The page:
--The reading organized by The Sun magazine was also amazing, featuring Krista Bremer (whose piece made me teary); Poe Ballantine (whose piece made me laugh); Frances Lefkowitz (who left me teary again); and Sun editor Sy Safransky, who read from his notebook about writing in an intimate voice that—I’m sure—made each person in the ballroom feel as though he was whispering secrets to them alone.  A new collection of his notebook writing will be out soon, and I can’t wait!

--I had some whiskey made in Chicago at the West Town Tavern.  I also had some Irish whiskey in the “Irish” bar in the Hilton and then immediately plunged into the crush of the bookfair, which was a very good idea and took the edge off all the writerly angst.  At another time, I embarrassed myself in front of a trio sitting at the The Missouri Review table—oops! not that I wanted to be published there anyway, haha; okay, yes, I do!—but that was a different day than the whiskey day.  See…nothing embarrassing happened when one is fortified by Jameson’s!  (Or, perhaps you simply don’t notice.)

--One can skip lunch if one eats enough candy in the bookfair.  Note to self:  Take the saltwater taffy, but don’t eat it during the bookfair because that will be at least an aisle’s worth of people you’ll miss talking to because you’re still chewing.  Side note: the “chewy marshmallow treats” at Starbucks count as breakfast because they’re made of Rice Krispies.

--Russian Tea Time will tempt even non-drinkers into having a shot of vodka.  Secret confession: If I weren’t under the watchful eye of a group of tattletale writers, I totally would have ordered a second platter of dumplings.

--Perfect Miller’s Pub lunch:  the Templeton highball (rye from Iowa—yes, IOWA!—and ginger ale) and a patty melt.  Best booth:  one of the big ones at the end of the bar.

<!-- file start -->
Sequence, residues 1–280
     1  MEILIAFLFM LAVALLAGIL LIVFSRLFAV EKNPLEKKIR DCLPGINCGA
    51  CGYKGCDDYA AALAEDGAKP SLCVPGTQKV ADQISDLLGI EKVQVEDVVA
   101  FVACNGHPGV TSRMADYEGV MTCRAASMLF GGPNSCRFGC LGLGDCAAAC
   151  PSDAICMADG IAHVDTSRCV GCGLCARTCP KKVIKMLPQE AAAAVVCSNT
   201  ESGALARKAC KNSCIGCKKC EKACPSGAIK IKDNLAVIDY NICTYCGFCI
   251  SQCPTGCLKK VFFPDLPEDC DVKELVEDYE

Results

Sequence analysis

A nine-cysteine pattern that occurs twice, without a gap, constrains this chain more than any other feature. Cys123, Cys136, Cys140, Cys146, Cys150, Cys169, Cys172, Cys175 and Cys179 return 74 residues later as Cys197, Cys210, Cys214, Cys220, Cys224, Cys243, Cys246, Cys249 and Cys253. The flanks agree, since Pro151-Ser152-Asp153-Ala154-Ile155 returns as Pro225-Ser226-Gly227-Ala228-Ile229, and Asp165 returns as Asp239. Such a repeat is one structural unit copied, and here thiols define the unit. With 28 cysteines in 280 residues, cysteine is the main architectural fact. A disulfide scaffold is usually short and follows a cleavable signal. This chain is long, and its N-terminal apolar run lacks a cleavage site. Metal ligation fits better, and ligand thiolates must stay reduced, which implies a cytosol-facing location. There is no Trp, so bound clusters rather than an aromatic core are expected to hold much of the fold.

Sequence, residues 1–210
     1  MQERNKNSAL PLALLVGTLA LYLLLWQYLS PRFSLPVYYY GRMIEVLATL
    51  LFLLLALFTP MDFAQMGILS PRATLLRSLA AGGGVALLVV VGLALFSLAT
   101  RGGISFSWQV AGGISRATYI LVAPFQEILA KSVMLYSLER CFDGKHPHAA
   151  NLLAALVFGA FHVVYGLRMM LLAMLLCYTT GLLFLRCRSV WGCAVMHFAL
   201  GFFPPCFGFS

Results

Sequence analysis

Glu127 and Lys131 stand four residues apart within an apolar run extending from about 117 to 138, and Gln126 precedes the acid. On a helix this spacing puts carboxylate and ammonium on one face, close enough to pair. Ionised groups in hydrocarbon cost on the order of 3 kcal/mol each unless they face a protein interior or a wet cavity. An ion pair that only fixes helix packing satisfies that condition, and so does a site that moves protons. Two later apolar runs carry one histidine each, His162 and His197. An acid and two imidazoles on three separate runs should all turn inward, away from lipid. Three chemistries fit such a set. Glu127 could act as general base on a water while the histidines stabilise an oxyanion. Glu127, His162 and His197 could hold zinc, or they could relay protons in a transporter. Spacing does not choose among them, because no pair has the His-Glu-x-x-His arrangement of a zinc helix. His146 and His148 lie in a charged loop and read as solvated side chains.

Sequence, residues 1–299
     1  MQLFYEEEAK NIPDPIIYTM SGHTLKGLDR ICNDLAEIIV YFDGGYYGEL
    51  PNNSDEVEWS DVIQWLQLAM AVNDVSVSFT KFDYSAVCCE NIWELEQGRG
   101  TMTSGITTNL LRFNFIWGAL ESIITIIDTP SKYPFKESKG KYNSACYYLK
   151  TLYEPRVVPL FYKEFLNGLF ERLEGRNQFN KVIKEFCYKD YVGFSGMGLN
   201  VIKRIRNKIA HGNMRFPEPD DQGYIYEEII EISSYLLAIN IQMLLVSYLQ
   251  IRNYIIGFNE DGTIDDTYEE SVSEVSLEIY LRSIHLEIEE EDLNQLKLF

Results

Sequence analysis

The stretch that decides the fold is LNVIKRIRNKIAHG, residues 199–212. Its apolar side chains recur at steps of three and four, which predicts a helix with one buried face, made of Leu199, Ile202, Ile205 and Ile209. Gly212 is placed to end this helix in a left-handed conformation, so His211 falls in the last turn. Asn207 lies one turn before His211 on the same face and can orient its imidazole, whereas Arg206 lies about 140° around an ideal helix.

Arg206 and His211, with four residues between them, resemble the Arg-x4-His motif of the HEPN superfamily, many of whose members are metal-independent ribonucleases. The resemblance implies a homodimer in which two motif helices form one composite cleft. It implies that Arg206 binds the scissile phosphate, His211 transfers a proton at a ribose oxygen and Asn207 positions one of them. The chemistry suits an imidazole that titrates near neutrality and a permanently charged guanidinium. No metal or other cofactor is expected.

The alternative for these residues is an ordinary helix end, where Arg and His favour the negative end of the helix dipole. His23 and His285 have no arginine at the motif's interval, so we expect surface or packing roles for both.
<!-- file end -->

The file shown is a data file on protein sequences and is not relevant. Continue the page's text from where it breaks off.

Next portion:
--The auditorium at Roosevelt University is gorgeous, as are all of the ballrooms at the Palmer House.  If you’re planning a wedding, check them out!  The sexy red Lacquer Room was my favorite.

--Two other panels that I thought were smart were about how to pull off surprises in short stories and how to organize a story collection (Laura van den Berg made a list of all the first and last lines of her stories).

--Snow flurries are the best way to experience snow in Chicago:  pretty coming down and no worries about slush stains on shoes.

--Here are some of the journals that caught my eye at the bookfair and that I lugged home on the plane:
Camera Obscura (this journal also features photography and is stunningly gorgeous)
Ruminate (writing about faith)
Barrelhouse (“pop flotsam ~ cultural jetsam”)
Midwestern Gothic (I think this one is obvious)
Bull (men’s fiction)
Wake (Great Lakes thought & culture; online)

--I’m exhausted, overwhelmed, inspired, sugared up (still!), and have way too much work to catch up on…but I’m ready for Boston 2013!

P.S.  God, I wish I’d won that New Hampshire fudge!  I could eat a lot in a month.  Maybe they sensed that and trashed my entry?


DC-area author Leslie Pietrzyk explores the creative process and all things literary.